KASS conducts thorough trademark searches and advises clients on the selection of trademarks. In addition to handling the filing and prosecution of trademark applications and regularly updating clients with status reports, we also work hand-in-hand with our clients to come up with the most effective strategy for trademark protection, providing professional and practical solutions to help manage their portfolio of trademarks, not only in Malaysia and the Southeast Asian region, but also worldwide.
What is a trademark?
A trademark is the face of your brand or company. Usually in the form of words, logos, pictures, names, numbers and/or taglines, trademarks are used in trade to identify the source of products/services and distinguish it from competitors in the marketplace.
Registering your trademark gives you the exclusive right to use your mark for the goods and/or services that it covers in the country that your mark is registered in. If you have a registered trademark you can put the ® symbol next to it to warn others against using it. However, using this symbol for a trademark that is not registered is an offence.
What can be protected as a trademark?
A registrable trademark is one that can include a distinctive logo or symbol, image, name, signature, word, letter, numeral or any combination thereof.
Recent amendments to the Malaysian Trade Marks Act will see the eventual registrability of Non-Traditional Marks (NTMs) such as smells, sounds, colours, shapes, moving images, tastes and textures.
What are the factors to consider when selecting a trademark for use in Malaysia?
Malaysia is a multiracial, multicultural and multi-religious society that consists of significant population subgroups comprising of Malays, Chinese and Indians as well as various ethnic groups indigenous to Sabah and Sarawak. Islam, Christianity, Hinduism, Buddhism and other religions are practiced in Malaysia with Islam being the official religion. Malay, Chinese, Tamil, English and a wide variety of other languages are widely used in the country. Thus extra caution has to be exercised to avoid the selection of a mark that may have an undesired meaning or can be deemed an offensive trademark in respect to certain cultures, religions or societies. We can advise on the appropriateness of a proposed mark with regard to such sensitivities.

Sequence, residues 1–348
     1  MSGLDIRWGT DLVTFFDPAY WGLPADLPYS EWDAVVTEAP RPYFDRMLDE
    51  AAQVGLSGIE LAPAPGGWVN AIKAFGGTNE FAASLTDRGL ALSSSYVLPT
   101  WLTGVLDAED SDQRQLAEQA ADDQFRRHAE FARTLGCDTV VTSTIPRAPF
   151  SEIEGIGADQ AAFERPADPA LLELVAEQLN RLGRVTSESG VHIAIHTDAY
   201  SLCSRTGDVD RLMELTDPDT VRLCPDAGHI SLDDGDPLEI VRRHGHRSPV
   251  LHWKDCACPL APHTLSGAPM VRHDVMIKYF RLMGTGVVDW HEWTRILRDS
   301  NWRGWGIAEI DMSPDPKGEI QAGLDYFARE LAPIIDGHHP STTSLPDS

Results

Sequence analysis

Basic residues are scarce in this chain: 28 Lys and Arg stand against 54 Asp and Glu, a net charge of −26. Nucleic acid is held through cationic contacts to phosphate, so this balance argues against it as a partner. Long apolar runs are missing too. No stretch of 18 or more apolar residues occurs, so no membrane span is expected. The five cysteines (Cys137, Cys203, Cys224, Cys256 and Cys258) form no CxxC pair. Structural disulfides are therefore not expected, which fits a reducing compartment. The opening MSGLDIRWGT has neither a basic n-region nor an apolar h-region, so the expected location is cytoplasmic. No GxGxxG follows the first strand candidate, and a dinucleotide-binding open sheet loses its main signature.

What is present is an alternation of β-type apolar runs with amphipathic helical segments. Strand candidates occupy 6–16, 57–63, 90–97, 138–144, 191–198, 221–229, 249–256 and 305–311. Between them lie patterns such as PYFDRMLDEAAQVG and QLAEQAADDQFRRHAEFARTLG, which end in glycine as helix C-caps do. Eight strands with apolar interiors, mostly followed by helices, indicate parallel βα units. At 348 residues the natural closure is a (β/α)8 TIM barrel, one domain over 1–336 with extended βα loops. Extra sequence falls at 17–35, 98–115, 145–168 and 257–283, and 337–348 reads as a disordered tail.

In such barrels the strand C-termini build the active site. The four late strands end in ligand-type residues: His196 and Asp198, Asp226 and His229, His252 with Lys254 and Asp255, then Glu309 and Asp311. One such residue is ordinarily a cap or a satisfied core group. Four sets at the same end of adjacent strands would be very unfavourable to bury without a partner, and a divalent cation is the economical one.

Trademarks can be filed in any language and alphabet. However trademarks which are not in the English or Malay language and not in the Latin script need to be accompanied by a certified translation and transliteration of each of the characters in the English or Malay language. The language of the word(s) must also be given.
An important note to take into account is that Malaysia adopts a First-to-Use system for Trademarks. This means that the first applicant who uses a mark in trade is entitled to registration and has better rights, in the absence of any prior user of an identical or substantially similar trademark in Malaysia.
Intention to use the trademark is sufficient. However, a registered mark may be revoked if it has not been used in trade for a continuous period of 36 months without any valid legally acceptable reason.
What are the general requirements for filing trademark application?
A filing date is accorded to the date of receipt of the application if the application contains all the following information/documents:
- the name and address of the applicant;
- a representation of the trademark (if its other than normal typescript);
- a list of the goods or services to be covered by the trademark registration;
- the International Classification applicable to the goods or services
- application form (TM5);
- Power of Attorney (TM1);
- Statutory Declaration declaring that applicant is lawful proprietor of the mark applied for;
- in respect of a Convention application, priority details of the basic application must be disclosed. Convention applications must be filed within 6 months of the basic application from which priority is claimed;